Camera-phone owners can use new software to reprogram these devices--and capture images that would previously have been impossible to get.
Stanford University researchers have made software for the Nokia N900 phone that gives developers, and users, greater control over the phone's camera components than ever before. This software makes a variety of apps possible. Using the software, developers have already created apps that can capture both light and dark parts of a scene, stitch panoramic photos together automatically, and capture extremely sharp photos even in low light.
"My hope is that this will shift the camera industry," says Stanford's Marc Levoy, who leads the group that released the software this week at the SIGGRAPH computer graphics conference in Los Angeles.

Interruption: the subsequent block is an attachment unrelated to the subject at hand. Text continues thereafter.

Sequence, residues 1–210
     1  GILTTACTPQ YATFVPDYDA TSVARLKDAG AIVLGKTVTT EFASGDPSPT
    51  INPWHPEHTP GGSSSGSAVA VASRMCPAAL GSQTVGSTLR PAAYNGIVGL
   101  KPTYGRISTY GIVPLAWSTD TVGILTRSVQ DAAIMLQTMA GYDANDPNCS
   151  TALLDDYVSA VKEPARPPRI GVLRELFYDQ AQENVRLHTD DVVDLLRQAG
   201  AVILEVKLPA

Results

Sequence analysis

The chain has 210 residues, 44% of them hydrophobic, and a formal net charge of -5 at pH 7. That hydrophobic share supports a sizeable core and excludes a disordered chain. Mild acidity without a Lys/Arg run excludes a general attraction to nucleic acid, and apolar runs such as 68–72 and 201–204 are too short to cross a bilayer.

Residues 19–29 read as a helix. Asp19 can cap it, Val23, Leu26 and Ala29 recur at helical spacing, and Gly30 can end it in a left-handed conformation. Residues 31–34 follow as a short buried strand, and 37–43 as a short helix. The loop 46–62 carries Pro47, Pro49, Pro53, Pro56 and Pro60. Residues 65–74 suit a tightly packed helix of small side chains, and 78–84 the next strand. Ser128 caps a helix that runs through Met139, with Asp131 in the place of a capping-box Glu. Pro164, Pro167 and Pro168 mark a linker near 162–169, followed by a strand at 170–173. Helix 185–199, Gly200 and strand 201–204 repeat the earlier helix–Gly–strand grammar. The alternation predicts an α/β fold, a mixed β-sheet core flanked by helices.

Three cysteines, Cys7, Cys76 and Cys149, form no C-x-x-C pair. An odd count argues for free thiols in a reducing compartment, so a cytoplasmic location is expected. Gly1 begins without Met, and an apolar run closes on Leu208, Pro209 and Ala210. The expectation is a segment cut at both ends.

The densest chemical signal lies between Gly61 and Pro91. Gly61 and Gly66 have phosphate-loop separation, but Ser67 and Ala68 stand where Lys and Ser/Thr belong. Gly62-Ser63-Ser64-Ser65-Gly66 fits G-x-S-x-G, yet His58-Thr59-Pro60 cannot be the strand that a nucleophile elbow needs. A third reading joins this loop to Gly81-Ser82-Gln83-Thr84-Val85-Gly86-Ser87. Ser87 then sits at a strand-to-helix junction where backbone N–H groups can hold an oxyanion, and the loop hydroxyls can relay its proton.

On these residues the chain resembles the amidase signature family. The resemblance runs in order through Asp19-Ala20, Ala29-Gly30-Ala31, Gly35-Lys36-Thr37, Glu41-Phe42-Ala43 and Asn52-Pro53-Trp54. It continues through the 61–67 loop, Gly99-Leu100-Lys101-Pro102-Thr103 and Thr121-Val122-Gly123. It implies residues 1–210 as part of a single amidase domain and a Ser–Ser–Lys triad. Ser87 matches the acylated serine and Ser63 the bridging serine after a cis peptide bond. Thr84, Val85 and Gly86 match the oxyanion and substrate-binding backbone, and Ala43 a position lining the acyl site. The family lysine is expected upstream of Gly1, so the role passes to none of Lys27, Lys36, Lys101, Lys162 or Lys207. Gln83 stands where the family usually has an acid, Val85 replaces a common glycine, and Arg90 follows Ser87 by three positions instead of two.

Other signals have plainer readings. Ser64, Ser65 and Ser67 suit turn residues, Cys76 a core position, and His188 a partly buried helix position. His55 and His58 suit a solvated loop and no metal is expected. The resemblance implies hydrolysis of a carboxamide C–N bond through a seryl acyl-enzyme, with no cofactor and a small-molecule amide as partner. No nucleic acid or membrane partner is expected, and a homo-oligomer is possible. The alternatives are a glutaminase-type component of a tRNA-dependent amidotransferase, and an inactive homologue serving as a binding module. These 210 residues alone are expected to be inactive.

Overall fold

Digital photography is normally constrained by the software built into the camera by its manufacturer. A field known as "computational photography" expands the possibilities of digital photography. It does this by using software to provide the user with more control over a camera's components. Prior to the release of the new Stanford software, this kind of control has meant tethering that camera to a laptop. "That doesn't make it easy to try out our ideas in realistic settings," says Levoy.
From Technology Review
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